You know, beyond -- beyond the current unemployment rate, there's also underemployment, and it's standing at about 16.5 percent, the total problem of people who either don't have a job or who don't have enough of a job to make ends meet. How is it -- is it impacting the people in the rural areas? And do you think that this really goes to the heart of the American dream that is being deferred?
CORKER: Well, you know, as we speak, the city that I'm sitting in has been named one of the -- is named the top economic producer over the next decade, and it's because of investment in the workforce. It's a vision. It's the fact that we really have held on to trying to produce things.
As you go to the rural areas, with the lack of infrastructure that exists in most rural areas around our country, there's lesser opportunity for that. And so it does create challenges that don't exist in some of the major metropolitan areas, and I think we're seeing that more and more across our country.
At the same time, I think much of what we've done over this last year is create an air of unpredictability. And what's happening is businesses are sitting on the sideline. They don't know exactly what the lay of the land is. And I think the best thing we can do in Washington at this time is really just to calm down and quit changing sweeping -- making sweeping changes.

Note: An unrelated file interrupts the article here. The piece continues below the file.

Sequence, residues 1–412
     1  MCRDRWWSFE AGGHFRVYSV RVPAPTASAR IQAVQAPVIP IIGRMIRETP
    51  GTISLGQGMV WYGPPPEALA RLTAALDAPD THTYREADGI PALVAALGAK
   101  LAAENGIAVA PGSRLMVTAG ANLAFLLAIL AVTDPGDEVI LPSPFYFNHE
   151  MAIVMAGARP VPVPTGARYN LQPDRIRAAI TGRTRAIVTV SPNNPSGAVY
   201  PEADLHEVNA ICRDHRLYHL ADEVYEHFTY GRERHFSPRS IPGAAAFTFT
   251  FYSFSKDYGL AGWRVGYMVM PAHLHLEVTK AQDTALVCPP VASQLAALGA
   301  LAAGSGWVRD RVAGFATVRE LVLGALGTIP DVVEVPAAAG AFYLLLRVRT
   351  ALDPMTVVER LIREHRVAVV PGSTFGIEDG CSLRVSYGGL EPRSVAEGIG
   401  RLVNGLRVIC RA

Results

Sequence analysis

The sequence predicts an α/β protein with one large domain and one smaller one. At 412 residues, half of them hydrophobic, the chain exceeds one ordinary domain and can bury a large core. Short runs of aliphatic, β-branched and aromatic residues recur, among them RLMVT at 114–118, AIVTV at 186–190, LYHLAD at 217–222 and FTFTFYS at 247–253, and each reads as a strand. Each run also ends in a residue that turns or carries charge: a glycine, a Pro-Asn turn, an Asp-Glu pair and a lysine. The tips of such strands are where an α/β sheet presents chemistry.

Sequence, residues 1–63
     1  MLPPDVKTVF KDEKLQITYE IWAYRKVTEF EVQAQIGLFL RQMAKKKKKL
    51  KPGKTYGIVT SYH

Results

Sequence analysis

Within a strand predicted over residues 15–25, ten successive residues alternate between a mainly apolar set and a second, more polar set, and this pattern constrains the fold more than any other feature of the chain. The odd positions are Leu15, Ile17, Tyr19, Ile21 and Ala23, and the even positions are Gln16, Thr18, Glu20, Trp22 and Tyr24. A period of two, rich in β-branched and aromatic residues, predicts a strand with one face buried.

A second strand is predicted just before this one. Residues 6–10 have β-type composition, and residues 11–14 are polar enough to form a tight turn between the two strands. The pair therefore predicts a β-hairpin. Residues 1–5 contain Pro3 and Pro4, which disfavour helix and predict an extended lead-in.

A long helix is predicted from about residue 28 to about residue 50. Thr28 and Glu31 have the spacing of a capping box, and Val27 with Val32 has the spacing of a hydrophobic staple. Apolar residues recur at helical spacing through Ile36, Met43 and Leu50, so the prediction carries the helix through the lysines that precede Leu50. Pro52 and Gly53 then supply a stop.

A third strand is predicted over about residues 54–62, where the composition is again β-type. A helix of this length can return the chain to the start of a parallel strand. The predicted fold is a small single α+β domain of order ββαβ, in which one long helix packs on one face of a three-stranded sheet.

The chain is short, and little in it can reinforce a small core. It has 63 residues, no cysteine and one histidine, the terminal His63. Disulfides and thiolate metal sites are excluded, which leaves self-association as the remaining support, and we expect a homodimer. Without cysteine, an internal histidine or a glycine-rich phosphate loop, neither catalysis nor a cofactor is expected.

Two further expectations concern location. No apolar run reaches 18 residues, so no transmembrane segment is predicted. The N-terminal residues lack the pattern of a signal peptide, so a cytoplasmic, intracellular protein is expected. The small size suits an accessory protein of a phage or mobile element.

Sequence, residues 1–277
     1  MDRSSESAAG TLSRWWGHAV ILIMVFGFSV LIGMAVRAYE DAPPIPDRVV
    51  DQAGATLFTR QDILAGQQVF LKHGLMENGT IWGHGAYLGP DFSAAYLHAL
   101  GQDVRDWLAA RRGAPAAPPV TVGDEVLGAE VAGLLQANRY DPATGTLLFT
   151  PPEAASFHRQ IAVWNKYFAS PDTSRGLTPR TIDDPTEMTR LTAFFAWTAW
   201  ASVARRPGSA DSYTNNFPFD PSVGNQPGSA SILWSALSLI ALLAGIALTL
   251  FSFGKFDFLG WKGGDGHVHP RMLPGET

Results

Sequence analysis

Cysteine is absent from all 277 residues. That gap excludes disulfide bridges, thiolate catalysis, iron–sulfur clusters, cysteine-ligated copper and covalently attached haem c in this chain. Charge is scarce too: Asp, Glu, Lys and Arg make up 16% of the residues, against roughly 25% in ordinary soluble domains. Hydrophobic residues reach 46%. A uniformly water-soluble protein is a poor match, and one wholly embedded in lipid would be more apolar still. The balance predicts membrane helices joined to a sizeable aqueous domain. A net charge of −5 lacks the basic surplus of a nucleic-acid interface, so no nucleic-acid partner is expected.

I sat down with a business this week -- I'll give you an example -- and they're looking at the health care bill, and they're trying to decide, should they keep people under 30 hours? Smaller businesses are saying, should we stay under 25?
So I think that much of what we've done over this last year has actually been counterproductive. And, again, the best thing we can do is just calm down, to really let people's balance sheets sort of get back where they need to be. That will stimulate demand over time, as families and people -- households across our country get their balance sheets in order.
AMANPOUR: Well, we'll come back to that. You know, the Financial Times has basically said that Congress needs to, quote, "get a grip." I'm going to ask you about that right after I go to Governor Corzine and ask him about what is going to stimulate the kind of consumer confidence that you were just talking about, Senator -- Senator Corker.
Look, there are figures, Governor Corzine, that suggest that non-financial companies have socked away something like $1.84 trillion in cash and other assets, but they're not spending them, they're not hiring, they're not building plants and other infrastructure. Why not? And wouldn't -- don't they have a responsibility to do so in this situation?
CORZINE: Well, there is a gap of confidence in the economy that comes from the shock that we had of 2008 and 2009; $17 trillion worth of lost economic value in that timeframe makes companies and people very, very concerned. Even though we've had a major recovery in some of that valuation loss, it makes people nervous.